March 30, 2021
New Jersey voters will no longer have to wait until Election Day to cast their ballots at a polling location.
Gov. Phil Murphy signed legislation Tuesday that implements in-person early voting across the state.
"Today, New Jersey reminds the nation that our democracy is made stronger when we make it easier for the people's voices to be heard," Murphy said. "That our democracy wins when we open the doors to our polling places wide instead of slamming them shut."
The new law requires counties to hold nine days of early voting ending two days before a general election. There will be five early voting days for presidential primaries and three days for non-presidential primaries.
Each county must open at least 3-7 polling places, depending on its size. Designated polling locations must be open for early voting Monday through Saturday from at least 10 a.m. to 8 p.m. and on Sunday from at least 10 a.m. to 6 p.m.
The expansion of in-person voting could cost up to $50 million, according to state legislative estimates. The state will be responsible for reimbursing local governments that will need to set up electronic poll records to make sure people are not voting twice. Each county is responsible for operating its own elections.
New Jersey is among 43 states that offer some form of in-person early voting, according to the National Conference of State Legislatures. The state already permitted early absentee and mail-in voting.
Stacey Abrams, a voting rights activist and former Georgia state lawmaker, joined Murphy virtually at the signing of the legislation. She applauded the state's efforts to expand voting rights.
"In-person early voting is one more vestige of a country that believes in the democracy it espouses, but more importantly, in the people it shelters," Abrams said. "I'm so excited to be looking up, looking at New Jersey, knowing that New Jersey is taking us in the right direction."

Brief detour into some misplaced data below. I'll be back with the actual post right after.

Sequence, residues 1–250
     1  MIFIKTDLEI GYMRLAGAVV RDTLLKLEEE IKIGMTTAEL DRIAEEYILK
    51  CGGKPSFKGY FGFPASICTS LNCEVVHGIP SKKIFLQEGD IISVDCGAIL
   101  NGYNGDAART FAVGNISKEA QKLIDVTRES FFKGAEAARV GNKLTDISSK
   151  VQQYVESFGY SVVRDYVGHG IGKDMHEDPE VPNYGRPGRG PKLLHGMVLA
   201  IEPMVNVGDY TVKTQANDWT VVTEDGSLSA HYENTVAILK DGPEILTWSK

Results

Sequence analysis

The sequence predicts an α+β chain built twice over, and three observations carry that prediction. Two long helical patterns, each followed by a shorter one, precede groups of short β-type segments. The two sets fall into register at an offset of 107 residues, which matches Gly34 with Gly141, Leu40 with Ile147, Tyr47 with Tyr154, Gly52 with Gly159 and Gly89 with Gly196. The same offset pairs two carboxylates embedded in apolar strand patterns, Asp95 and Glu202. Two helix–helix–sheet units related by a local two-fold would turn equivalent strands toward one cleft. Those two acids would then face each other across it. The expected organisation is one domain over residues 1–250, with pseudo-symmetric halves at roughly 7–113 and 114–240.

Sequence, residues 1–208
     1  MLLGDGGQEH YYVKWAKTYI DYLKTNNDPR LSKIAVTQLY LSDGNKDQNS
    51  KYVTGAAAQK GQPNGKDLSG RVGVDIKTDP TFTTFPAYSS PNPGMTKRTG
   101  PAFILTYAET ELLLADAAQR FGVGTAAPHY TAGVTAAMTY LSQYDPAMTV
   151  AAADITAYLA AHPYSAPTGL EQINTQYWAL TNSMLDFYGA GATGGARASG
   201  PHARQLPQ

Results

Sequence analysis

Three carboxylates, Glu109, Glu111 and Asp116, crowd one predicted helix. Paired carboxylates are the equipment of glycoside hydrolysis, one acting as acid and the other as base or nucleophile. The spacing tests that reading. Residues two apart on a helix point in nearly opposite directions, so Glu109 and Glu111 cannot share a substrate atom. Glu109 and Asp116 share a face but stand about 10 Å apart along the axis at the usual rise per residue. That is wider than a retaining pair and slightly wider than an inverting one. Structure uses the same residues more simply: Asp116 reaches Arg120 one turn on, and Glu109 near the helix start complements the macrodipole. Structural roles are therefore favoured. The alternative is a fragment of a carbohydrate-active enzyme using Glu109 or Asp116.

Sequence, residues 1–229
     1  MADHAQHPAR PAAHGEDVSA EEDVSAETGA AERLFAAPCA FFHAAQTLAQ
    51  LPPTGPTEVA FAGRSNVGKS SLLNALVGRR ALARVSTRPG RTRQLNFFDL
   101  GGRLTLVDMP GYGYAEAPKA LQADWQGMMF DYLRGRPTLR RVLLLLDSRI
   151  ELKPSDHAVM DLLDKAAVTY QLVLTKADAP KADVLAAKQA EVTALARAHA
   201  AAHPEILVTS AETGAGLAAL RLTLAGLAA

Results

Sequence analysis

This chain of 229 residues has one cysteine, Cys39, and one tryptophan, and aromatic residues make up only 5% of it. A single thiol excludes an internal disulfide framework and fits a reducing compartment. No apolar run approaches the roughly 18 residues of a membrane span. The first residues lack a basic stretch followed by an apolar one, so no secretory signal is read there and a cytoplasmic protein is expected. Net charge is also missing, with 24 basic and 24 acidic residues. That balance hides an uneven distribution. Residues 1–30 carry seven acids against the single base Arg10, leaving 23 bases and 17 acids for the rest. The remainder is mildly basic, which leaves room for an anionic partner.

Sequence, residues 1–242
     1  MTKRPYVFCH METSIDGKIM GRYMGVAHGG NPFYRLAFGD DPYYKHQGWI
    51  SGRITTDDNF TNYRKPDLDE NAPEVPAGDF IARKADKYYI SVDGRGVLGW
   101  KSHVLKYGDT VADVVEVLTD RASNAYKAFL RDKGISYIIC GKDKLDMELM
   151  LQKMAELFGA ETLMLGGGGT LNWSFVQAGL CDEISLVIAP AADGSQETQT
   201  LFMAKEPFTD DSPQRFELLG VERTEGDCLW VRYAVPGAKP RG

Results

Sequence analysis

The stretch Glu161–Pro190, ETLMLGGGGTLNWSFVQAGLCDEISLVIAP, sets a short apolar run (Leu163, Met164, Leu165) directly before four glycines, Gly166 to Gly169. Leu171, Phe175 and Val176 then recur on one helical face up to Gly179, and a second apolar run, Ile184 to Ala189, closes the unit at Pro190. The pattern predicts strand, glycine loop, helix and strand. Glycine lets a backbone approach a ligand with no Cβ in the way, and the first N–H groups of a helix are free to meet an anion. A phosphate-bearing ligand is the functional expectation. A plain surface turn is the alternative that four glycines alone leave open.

Abrams has been credited with increasing voter turnout among Georgia Democrats during the 2020 election. The state voted in favor of President Joe Biden and elected two Democratic senators — Raphael Warnock and Jon Ossoff.
New Jersey previously has established automatic and online voter registration, prohibited prison gerrymandering and allowed people on probation and parole to vote.
The implementation of early in-person voting in New Jersey comes as several Republican-led state legislatures and governors seek to establish laws that restrict such practices.
Last week, Georgia adopted a new law that expands legislative control over elections, limits the number of drop boxes and adds new voter identification requirements for absentee voting, according to the New York Times.
Republican lawmakers in other states, including Arizona, Florida, Iowa and Texas, have either enacted or are considering similar legislation.
"It is incredulous that the response to those who claim that last year's presidential election was rigged are now doing their damndest openly and unapologetically to rig elections by suppressing voter rights," Murphy said. "They couldn't prove the big lie in any court of law, so instead they're writing the big lie into law.
"They claim to love our Constitution, but only if they get to define who the we is in 'We the People.'"
The bill establishing in-person early voting in New Jersey passed both chambers of the state legislature with bipartisan support earlier this month.
But Murphy warned GOP state lawmakers not to propose any bills that would restrict voting rights, saying that any legislation that sought to do so would go "into the nearest recycling can."
"The bills that move forward must be those that further the right to vote," Murphy said.
Murphy also urged Congress to pass federal legislation strengthening voting rights "in order to reassert the American value that every vote is sacred and every voter's right to cast that vote must be protected."
"New Jersey will proudly show the path forward," Murphy said.